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Desperate People Come To Catholic Charities, Leave With Help And Hope

Catholic Charities intern Katy Kettler, working on a master’s degree in social work from Kansas University, assists clients as they choose winter clothes — free — at Catholic Charities of Kansas City-St. Joseph. The St. Francis Shop is one of the many services Catholic Charities provides at its downtown headquarters. (Kevin Kelly/Key photo)

By Kevin Kelly
Reprinted with permission from The Catholic Key

Teresa Davis. John Carter. Joan Brauninger. Winston Canady.

They all think they have the greatest job in the world. They work for Catholic Charities of Kansas City-St. Joseph, serving the greatest people in the world — the poor — and following the call of the greatest teacher in the history of the world — Jesus Christ.

“It’s 41,000 square feet of great,” said Davis, the facilities manager whose job is to keep all systems running smoothly in the huge Charities headquarters at 9th and Main in downtown Kansas City.

She’s a relative newcomer.

“I was offered three jobs,” Davis said. “One of the things that lured me to Catholic Charities was the Welcome Center. They can say we are required (to personally greet everyone who comes to Catholic Charities), but it is a perk.”

Carter said he feels the same way. He works maintenance. And he works it extra hard with special pride, not just because of the 125 people who work there, but because of those people who walk through the front door and into the Welcome Center for help.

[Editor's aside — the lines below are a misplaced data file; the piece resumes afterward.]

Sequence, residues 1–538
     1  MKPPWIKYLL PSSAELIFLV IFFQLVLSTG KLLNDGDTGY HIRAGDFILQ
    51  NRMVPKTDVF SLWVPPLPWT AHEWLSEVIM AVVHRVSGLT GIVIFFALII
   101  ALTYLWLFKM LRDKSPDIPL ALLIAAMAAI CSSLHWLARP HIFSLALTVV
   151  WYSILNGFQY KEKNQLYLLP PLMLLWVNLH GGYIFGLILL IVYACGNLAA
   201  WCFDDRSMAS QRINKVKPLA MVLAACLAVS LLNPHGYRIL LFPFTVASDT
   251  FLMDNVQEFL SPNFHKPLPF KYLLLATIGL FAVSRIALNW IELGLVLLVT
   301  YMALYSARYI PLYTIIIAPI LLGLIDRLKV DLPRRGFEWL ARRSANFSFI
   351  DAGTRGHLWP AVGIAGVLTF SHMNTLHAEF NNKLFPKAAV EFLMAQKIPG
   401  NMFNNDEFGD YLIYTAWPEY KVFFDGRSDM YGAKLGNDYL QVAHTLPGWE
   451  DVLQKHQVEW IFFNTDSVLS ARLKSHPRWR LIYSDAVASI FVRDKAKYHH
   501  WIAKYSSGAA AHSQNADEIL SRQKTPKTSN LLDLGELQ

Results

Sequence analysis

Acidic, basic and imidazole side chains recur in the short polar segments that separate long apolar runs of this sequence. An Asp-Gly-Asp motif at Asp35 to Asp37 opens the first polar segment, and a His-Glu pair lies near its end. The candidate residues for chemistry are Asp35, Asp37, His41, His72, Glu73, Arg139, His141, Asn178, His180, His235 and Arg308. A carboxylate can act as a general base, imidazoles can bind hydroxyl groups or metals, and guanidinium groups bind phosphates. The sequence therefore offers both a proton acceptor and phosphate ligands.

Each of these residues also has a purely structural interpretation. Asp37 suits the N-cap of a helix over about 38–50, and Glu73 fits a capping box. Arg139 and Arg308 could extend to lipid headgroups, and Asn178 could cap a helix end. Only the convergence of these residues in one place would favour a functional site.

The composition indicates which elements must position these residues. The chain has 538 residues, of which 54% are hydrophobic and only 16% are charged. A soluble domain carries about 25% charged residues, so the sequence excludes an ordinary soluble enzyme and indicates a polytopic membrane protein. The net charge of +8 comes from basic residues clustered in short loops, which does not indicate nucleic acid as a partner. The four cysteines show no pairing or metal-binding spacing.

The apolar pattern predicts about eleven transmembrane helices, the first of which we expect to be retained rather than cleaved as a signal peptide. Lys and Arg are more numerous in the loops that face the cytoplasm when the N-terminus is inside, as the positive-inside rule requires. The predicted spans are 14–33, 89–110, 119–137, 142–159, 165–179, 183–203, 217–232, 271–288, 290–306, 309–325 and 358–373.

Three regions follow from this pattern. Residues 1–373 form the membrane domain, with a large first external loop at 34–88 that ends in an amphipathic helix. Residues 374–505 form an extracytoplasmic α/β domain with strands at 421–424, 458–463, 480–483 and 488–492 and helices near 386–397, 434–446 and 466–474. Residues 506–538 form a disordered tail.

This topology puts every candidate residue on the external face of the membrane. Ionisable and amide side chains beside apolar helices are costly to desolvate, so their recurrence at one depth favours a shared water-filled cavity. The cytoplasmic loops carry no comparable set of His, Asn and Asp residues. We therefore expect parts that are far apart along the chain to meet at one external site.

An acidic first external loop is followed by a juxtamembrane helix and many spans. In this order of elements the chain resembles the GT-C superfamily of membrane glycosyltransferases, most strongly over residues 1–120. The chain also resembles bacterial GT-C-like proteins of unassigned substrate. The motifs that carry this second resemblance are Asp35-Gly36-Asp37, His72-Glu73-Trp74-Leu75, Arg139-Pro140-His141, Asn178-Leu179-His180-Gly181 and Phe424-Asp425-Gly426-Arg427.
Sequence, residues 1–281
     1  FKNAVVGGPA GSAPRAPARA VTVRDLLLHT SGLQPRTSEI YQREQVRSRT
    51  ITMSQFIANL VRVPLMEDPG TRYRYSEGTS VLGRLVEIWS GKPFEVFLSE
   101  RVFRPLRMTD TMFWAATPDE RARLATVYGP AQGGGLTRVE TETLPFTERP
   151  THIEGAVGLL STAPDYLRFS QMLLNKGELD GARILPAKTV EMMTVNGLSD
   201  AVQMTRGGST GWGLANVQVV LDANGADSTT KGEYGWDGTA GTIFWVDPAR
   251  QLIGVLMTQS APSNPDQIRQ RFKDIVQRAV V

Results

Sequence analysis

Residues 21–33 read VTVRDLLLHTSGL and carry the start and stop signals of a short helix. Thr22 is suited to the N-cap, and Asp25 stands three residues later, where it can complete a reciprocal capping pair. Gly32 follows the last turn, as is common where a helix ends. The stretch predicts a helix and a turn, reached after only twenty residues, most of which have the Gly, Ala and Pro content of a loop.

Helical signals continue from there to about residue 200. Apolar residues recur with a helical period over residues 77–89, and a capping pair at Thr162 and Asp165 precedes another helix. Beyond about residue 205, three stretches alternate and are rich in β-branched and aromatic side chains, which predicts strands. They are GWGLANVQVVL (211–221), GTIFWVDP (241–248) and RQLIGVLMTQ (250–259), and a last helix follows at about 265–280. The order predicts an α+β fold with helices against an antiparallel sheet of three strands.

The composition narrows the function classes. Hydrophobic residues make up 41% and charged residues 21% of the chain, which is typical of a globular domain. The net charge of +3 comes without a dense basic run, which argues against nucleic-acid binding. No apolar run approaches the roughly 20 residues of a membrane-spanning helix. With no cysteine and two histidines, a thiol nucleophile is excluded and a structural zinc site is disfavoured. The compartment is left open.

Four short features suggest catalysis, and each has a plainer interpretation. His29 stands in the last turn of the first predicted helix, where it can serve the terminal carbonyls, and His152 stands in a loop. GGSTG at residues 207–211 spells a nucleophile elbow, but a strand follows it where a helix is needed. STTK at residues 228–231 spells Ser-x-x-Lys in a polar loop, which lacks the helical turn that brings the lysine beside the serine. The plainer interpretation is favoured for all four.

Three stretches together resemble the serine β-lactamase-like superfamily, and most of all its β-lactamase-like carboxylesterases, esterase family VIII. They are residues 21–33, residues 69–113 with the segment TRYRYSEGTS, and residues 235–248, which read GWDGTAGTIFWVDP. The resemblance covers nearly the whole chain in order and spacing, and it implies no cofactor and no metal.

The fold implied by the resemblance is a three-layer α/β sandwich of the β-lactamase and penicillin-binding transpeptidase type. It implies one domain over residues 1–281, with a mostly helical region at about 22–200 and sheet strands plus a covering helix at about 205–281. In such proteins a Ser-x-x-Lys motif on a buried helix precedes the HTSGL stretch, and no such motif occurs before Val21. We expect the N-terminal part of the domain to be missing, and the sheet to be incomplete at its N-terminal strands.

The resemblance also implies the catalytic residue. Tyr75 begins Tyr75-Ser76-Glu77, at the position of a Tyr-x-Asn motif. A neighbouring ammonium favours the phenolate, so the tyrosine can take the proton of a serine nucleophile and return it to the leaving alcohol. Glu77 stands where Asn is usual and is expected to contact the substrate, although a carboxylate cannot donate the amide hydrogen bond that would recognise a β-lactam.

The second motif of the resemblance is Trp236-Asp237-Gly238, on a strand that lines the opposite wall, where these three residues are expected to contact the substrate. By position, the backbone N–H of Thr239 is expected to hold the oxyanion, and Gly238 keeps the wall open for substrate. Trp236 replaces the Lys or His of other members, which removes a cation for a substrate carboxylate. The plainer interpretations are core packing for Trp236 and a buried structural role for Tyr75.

“We want to show people that they have dignity, that they are people of God,” Carter said. “It gives my cleaning a purpose.”

Brauninger, the receptionist is both the first voice clients see when they visit and the first voice they hear when they call.

“I have the best job in the whole place,” she insisted. “I get to talk to everybody who calls and I get to talk to everybody who comes in. There are characters, and real people.”

Canady is a jack-of-all-trades when he is not shuttling the elderly on appointments, or to meals at senior centers on the Charities mini-bus.

“Oh, they are a lot of fun,” he said. “I get to be with them, and they are all having a great time.”

Well, they are all wrong, Deacon Dan Powers will tell you. He’s got the greatest job in the world.

Deacon Powers is the chief executive officer, the guy in charge of Catholic Charities of Kansas City-St. Joseph, and he got to lead a staff of some 125 through one of its greatest transitions in the agency’s 136-year history — into a full-service, one-stop resource for Kansas City’s poor because of its move to the former Mercantile Bank building, with the space to talk, to move, and to provide services.

Take the new clothes closet for example, which accepts donations of gently used clothing for distribution to the poor.

“We had one gentleman who said, ‘I’ve never owned a suit in my life,’” Deacon Powers said. “So we brought him in here and found him a suit that fit him perfectly. Then we got him a shirt, tie, belt and shoes — the whole works.”

But that wasn’t all. The man had come looking for a job through Catholic Charities’ new Workforce Development program. Charities set him up for an interview for a warehouse job.

“He wore the suit to his interview,” Deacon Powers said.

“He came back and told us that when the receptionist at the warehouse called his name for the interview, he stood up. Then she looked down at her clipboard, looked back up at him, and said, ‘Somebody is getting hired today,’” Deacon Powers said.

He got the job.

That’s what Catholic Charities does, Deacon Powers said. A person may show up desperate. They leave helped — and with a gift they may not have had for a long time, hope.

That comes from knowing that somebody cares, and that begins when the person walks into the front door and takes a seat in the large Welcome Center.